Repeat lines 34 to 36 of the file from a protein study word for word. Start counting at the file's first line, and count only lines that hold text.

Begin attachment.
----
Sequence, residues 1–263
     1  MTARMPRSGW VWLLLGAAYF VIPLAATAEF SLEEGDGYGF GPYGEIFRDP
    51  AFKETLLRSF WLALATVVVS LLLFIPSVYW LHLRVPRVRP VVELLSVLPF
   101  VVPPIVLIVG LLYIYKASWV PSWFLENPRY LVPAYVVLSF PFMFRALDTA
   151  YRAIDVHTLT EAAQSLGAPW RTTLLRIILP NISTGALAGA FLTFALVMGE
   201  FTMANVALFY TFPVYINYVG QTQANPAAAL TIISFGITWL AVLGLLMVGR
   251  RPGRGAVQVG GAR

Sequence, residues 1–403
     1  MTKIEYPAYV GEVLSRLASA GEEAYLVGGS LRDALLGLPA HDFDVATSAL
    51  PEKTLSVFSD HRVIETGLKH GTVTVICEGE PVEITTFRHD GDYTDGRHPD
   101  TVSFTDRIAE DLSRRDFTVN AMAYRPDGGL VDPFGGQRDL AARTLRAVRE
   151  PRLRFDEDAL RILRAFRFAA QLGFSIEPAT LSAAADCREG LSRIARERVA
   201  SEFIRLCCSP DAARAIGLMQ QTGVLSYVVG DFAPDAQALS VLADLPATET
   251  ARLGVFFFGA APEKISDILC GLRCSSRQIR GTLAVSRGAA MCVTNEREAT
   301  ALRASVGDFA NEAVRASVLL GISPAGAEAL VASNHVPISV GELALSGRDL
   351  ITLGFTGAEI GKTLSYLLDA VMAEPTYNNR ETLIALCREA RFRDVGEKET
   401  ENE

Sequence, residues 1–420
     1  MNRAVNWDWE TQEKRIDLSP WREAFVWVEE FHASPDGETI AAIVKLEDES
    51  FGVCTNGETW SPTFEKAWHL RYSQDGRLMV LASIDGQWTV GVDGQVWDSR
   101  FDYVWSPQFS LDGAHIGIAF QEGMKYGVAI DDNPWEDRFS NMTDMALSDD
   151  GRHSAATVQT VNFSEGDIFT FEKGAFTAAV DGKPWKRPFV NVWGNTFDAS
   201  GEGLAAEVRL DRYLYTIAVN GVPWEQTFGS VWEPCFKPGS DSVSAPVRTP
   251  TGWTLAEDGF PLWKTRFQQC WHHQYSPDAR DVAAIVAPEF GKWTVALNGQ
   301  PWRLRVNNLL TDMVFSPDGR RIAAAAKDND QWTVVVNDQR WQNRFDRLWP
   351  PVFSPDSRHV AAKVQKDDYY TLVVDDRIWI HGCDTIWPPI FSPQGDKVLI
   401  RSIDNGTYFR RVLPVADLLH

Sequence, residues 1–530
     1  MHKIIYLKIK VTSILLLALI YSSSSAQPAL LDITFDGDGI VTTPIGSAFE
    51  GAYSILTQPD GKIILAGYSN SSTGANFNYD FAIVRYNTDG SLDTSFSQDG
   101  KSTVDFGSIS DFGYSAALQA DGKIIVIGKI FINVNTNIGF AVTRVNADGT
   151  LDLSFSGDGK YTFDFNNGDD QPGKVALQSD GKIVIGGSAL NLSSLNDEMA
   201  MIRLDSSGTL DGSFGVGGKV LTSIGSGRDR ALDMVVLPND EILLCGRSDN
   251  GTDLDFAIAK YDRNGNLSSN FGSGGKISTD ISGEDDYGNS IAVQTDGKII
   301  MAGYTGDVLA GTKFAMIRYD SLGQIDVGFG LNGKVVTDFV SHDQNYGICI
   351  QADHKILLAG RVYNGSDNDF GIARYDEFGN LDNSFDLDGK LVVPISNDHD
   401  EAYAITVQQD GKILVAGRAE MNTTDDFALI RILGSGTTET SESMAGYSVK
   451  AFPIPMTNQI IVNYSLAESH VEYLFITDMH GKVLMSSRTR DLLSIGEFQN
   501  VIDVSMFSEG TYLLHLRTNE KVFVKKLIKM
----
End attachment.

   251  GTDLDFAIAK YDRNGNLSSN FGSGGKISTD ISGEDDYGNS IAVQTDGKII
   301  MAGYTGDVLA GTKFAMIRYD SLGQIDVGFG LNGKVVTDFV SHDQNYGICI
   351  QADHKILLAG RVYNGSDNDF GIARYDEFGN LDNSFDLDGK LVVPISNDHD